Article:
5. Leaving Little To No Room For Budget Contingencies
Not leaving room in your budget for contingencies is a mistake. For example, I use overseas shipping. Since Covid, when I pull a container from China, the cost can fluctuate greatly, so I always need to be aware of possible price changes. Container shortages, space availability and tariff can give me an unexpectedly large bill when the container hits the U.S. It’s something I have learned to be prepared for months in advance. – Shu Saito, Fact Retriever
6. Failing To Pace Yourself Financially
One common cash flow mistake I’ve seen new entrepreneurs make is failing to pace themselves financially. It’s important to know what’s worth spending on in the early stages of running your business so you don’t end up with minimal to no funds. You might think a large purchase is necessary, but it’s crucial to weigh the pros and cons before diving in. Ask yourself how you’re spending your money and if there are ways you could be smarter about it. You’ll likely find ways you can cut costs and save more for the future. – Stephanie Wells, Formidable Forms
7. Directing Too Much Capital To Ineffective Marketing Efforts
When you first start a business venture as someone new to entrepreneurship, your ability to maintain control over your cash flow is essential. Of course, this is far easier said than done. One of the most common mistakes new entrepreneurs make regarding cash flow is directing too much capital to marketing efforts that are ineffective. When marketing plans don’t work out, it doesn’t just burn up existing cash—it also fails to generate greater cash flows in the future. The thing to remember is there’s a delay between marketing efforts and sales results, so mistakes in marketing spend may cause a cash flow crunch right when you expect more cash, ruining plans and straining budgets. Therefore, it’s critical to spend wisely on marketing that will deliver the best ROI long term. – Richard Fong, AssuredStandard.com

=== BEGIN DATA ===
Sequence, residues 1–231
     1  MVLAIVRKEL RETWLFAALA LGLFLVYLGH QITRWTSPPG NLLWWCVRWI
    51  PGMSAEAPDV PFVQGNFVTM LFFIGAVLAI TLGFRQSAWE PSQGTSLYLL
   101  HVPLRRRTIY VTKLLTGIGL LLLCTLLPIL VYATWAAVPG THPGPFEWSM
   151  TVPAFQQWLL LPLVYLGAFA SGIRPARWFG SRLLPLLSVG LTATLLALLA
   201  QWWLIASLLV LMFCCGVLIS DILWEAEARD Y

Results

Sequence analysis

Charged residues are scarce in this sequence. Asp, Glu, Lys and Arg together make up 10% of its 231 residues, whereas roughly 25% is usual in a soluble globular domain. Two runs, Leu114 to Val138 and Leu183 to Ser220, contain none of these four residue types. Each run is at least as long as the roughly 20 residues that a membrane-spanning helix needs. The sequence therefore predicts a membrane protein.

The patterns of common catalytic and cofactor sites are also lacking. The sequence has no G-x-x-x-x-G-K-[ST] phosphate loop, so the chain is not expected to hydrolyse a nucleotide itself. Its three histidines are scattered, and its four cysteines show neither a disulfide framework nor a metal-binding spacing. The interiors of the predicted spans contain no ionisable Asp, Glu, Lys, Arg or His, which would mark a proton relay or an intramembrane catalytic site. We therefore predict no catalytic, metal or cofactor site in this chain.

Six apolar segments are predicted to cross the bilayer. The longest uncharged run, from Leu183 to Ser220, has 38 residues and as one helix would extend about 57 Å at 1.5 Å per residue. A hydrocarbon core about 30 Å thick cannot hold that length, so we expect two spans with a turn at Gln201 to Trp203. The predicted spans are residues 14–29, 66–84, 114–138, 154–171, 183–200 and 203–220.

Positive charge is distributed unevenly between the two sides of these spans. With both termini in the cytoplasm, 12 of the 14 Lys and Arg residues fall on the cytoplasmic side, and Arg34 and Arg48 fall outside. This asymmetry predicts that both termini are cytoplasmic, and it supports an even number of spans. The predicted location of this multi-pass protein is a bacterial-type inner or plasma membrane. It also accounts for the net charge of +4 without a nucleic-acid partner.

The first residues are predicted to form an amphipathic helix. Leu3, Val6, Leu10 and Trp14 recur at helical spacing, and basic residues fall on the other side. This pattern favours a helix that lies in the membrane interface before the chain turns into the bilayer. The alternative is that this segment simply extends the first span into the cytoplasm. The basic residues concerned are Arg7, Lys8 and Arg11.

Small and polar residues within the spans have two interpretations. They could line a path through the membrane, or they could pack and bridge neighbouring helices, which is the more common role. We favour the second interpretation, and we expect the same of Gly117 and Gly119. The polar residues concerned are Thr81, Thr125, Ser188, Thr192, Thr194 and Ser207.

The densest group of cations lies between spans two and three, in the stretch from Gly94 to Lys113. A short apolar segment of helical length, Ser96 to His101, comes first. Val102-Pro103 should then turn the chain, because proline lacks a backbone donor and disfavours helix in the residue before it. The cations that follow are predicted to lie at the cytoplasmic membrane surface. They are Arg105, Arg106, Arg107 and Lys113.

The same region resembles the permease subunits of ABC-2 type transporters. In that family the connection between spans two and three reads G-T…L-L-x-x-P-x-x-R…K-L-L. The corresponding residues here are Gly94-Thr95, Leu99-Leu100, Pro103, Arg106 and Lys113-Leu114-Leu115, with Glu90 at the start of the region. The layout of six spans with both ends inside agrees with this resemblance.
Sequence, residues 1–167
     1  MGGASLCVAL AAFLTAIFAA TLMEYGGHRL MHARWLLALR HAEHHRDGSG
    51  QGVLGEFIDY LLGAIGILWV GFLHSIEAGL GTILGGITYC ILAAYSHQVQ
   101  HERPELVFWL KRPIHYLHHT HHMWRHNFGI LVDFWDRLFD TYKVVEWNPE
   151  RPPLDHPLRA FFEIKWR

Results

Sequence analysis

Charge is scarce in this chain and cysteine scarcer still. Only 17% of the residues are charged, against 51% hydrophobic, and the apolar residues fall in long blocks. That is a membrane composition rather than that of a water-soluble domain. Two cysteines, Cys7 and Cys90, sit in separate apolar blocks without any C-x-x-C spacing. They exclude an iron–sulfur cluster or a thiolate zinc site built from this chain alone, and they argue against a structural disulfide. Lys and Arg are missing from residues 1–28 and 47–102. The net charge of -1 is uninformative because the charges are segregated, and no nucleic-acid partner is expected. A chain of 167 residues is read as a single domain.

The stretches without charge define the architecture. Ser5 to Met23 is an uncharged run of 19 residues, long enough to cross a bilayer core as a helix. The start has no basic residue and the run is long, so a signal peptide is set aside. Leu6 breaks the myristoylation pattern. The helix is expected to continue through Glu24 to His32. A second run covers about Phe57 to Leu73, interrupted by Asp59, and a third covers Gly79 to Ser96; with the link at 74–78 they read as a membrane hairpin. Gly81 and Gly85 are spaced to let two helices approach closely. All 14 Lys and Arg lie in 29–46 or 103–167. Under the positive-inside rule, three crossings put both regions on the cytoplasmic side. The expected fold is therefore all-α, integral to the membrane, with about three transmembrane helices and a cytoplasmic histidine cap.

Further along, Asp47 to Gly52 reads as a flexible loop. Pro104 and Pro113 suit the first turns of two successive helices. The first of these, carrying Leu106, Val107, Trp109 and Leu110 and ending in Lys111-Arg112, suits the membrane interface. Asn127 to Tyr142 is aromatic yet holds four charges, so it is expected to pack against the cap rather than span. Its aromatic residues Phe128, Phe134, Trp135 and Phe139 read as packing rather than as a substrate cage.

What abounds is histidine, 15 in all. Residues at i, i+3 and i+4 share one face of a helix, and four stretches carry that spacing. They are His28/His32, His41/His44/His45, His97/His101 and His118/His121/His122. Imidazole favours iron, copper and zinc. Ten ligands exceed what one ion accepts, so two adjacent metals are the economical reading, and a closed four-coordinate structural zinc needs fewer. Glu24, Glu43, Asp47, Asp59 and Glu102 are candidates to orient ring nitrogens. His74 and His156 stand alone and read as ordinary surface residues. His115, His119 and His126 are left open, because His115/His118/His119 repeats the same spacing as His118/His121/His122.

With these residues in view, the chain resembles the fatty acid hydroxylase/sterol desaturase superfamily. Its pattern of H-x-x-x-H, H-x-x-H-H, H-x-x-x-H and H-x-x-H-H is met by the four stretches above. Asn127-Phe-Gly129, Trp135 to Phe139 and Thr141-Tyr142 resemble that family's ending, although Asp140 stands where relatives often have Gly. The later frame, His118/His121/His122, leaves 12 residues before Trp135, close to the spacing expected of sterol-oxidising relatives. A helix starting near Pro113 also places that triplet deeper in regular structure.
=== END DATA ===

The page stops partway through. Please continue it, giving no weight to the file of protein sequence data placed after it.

8. Forgetting About The Invoicing Cycle
In the hustle and bustle of launching a company, many new entrepreneurs miss one crucial part that significantly affects cash flow: the invoicing and cash cycle. It’s important to know how long it will take to sell your product or service and bring in revenue to cover the cost of inventory. If you sell your product or service quickly, but it takes you 60 or even 90 days to receive payment, you have a very large cash flow gap. While your business may appear profitable at first glance, in reality, cash flow is tied up in accounts receivable. Spending time really thinking through your payment schedule and cash flow is critical in preserving working capital and safeguarding your business’ future success. – Blair Thomas, eMerchantBroker
9. Trying To ‘DIY’ Your Finances
Seek professional help. Too many first-time entrepreneurs think they can handle bookkeeping, accounting and forecasting themselves. The truth is, when you’re focusing all your attention on growing and operating a new business, it’s very easy to take your eyes off the bottom line. That can be a fatal mistake. Tools like Xero and QuickBooks can certainly take much of the drudgery out of bookkeeping, but they’re no substitute for an experienced accountant or tax professional. Don’t try to save money by going without qualified financial help. Tracking and forecasting your income and expenses is not the place to cut corners. – Mark Stallings, Casely, Inc.